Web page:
What If I’m At-Fault in an Accident With a Suspended License?
Driving with a suspended license puts you at risk of traffic infractions, fines and even license revocation just for getting behind the wheel. If you cause a car accident while driving with a suspended license, you could face elevated charges. You may also be liable for the expenses related to the car accident, including a victim’s medical bills and property damages. Driving with a suspended license is not worth the risk.
What Is a Suspended License?
If a driver in Massachusetts violates too many traffic laws or commits a single severe offense, such as driving under the influence, the Department of Motor Vehicles (DMV) can temporarily suspend that driver’s license. License suspension removes the driving privileges for a specific amount of time. Common infractions that can lead to license suspension include DUI/DWI, too many points on a driver’s record, reckless driving charges, failure to appear in court and failure to maintain insurance coverage.
License revocation is another potential penalty for a driver who commits certain offenses. Revocation is the permanent removal of the driving privilege. With a suspended license, the driver can eventually earn his or her privileges back by waiting the appointed period, paying reinstatement fees and fulfilling other requirements. With a revoked license, however, a person can only drive again if he or she obtains permission and goes through the process to get a new driver’s license from the beginning.
What Are the Penalties for Driving With a Suspended License?
If the DMV suspended your driver’s license, you cannot operate a motor vehicle until your suspension ends and you reinstate your license. Operating a motor vehicle on a suspended license, even for a quick trip to the store or for work, is against the law. If a police officer catches you driving with a suspended license, you could face severe penalties. This offense could escalate the sentence that is already in place, such as extending your license suspension. You could also face hefty fines and the possibility of license revocation.
What If You Cause an Accident Without a Valid License?
Causing a car accident while driving with a suspended license increases the penalties you could face for both infractions. If you were at fault for the accident due to a broken law such as texting and driving or drunk driving, the county could escalate criminal charges against you from a misdemeanor to a felony for driving with a suspended license. If you caused serious bodily injuries, the DMV may revoke your driver’s license as well.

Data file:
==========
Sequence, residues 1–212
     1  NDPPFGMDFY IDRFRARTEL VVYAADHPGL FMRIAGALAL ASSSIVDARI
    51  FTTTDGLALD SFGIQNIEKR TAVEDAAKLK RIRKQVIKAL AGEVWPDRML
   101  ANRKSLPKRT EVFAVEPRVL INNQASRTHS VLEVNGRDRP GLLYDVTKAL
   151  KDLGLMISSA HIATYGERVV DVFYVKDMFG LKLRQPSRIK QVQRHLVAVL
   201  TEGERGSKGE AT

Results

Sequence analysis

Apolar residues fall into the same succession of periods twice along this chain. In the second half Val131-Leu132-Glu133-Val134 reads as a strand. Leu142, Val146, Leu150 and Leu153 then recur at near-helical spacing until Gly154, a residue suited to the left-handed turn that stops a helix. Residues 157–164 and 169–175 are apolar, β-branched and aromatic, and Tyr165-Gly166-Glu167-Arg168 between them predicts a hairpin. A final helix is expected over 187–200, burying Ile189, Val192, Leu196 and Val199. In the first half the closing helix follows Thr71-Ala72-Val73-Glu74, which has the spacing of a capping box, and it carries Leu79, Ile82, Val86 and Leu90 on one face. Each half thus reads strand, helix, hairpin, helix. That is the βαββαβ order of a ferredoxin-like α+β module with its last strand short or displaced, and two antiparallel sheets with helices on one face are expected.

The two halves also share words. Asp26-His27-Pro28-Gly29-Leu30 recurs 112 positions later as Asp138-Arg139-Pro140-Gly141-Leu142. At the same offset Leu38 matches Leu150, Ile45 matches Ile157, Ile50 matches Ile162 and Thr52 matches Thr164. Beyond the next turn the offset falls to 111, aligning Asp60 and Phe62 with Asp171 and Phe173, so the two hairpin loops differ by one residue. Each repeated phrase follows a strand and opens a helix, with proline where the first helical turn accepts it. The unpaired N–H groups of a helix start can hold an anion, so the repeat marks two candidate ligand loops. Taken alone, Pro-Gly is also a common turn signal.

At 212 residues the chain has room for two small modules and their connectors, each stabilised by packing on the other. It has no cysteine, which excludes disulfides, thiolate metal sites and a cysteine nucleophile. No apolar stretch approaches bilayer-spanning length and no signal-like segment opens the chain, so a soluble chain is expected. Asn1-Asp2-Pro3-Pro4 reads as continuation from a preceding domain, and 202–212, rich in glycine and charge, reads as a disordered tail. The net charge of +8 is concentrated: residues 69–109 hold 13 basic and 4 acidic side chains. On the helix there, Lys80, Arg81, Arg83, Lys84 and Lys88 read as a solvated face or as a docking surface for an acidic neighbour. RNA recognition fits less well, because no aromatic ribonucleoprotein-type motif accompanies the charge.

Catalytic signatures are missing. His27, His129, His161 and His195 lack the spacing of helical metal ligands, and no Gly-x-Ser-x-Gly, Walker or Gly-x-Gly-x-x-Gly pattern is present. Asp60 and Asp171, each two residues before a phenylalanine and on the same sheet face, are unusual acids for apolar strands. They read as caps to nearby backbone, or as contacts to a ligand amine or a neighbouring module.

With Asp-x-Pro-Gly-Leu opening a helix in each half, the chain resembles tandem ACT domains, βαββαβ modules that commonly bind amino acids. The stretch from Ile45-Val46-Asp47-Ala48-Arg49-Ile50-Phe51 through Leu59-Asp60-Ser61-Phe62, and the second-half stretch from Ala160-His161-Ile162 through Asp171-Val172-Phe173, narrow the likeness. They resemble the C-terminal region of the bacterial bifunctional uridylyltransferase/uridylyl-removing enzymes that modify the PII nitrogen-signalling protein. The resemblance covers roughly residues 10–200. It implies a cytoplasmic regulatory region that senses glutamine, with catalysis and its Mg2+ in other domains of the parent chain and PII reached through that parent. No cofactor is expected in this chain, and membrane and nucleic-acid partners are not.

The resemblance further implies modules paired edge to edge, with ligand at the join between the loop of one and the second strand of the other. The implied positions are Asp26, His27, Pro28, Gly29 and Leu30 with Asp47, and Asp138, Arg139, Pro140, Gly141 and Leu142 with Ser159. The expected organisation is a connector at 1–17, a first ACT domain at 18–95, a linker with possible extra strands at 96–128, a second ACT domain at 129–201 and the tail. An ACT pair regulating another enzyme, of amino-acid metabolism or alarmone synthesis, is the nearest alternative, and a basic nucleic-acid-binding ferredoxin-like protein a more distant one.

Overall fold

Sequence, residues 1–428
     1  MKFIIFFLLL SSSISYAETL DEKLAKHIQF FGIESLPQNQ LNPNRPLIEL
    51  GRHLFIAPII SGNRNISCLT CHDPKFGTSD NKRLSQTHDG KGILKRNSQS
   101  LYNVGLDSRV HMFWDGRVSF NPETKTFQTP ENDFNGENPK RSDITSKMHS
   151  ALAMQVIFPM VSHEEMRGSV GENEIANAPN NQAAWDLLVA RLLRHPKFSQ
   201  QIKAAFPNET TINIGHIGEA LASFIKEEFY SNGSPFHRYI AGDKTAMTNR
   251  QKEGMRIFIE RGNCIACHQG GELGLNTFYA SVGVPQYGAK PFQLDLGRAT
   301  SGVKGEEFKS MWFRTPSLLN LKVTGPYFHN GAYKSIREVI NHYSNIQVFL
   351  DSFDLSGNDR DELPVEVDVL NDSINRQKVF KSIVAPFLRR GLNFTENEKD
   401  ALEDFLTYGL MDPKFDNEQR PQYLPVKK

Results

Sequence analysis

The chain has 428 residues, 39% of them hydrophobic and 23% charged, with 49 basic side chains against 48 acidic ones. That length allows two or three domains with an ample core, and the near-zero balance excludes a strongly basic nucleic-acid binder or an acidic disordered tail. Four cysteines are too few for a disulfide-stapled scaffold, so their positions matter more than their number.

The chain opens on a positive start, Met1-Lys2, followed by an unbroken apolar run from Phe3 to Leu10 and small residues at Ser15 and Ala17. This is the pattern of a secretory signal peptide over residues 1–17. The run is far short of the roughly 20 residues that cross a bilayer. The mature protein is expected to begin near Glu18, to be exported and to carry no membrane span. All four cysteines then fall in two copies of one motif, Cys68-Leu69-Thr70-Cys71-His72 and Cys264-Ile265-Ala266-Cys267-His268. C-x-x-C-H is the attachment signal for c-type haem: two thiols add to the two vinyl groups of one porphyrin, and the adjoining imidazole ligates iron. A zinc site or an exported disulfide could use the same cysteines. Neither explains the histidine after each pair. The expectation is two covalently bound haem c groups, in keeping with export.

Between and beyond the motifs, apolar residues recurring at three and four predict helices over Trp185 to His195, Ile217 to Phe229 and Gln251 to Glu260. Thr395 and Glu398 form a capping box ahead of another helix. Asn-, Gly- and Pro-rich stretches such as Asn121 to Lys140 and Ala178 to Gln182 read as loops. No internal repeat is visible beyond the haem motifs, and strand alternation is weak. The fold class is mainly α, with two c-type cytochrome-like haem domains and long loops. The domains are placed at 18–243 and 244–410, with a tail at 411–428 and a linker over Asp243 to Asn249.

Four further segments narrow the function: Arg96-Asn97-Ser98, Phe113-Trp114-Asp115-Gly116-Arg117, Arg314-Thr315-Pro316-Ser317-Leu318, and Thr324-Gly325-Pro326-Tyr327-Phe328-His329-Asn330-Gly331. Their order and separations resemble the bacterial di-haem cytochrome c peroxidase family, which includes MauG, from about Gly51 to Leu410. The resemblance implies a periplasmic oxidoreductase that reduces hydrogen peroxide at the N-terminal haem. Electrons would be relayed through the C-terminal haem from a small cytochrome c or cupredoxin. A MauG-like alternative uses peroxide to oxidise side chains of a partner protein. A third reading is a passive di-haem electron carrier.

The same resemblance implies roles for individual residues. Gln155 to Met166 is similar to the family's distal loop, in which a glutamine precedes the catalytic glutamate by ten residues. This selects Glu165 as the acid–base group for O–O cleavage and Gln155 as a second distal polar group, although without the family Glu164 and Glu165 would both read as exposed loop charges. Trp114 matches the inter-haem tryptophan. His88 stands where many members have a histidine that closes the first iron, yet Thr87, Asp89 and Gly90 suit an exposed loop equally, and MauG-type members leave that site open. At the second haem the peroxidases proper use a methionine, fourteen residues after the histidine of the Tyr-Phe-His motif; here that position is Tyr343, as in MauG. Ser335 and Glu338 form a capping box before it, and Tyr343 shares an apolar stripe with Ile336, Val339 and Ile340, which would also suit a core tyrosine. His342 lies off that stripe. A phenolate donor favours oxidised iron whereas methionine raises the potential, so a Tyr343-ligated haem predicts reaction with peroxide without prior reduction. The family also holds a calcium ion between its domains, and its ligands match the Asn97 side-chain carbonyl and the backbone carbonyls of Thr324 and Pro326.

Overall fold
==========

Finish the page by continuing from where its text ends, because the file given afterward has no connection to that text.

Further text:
Your auto insurance should still cover your damages if you cause a crash with a suspended license, as long as you did not allow your insurance coverage to lapse. If you still had valid car insurance at the time of your accident, your insurer should pay for your property damages and medical bills. Under Massachusetts’ no-fault laws, you must carry personal injury protection insurance as a driver. This type of insurance will pay for your damages after an at-fault accident. Note, however, that your insurance premiums will likely increase after filing a damage claim. Your insurance company may also drop you as a client after covering your damages for causing an accident with a suspended license.
Note that while your suspended driver’s license and the cause of the accident are two separate issues, the injured victim could use the fact that you legally should not have been behind the wheel as proof of your negligence or unreliability as a defendant. If the injured crash victim files an injury lawsuit against you in pursuit of financial compensation for serious injuries, his or her attorney may use your suspended driver’s license as evidence that you are an unsafe or negligent driver. Speak to a Boston car accident attorney as soon as possible for assistance with a crash you caused in Boston. You could be facing serious repercussions as an at-fault driver with a suspended license.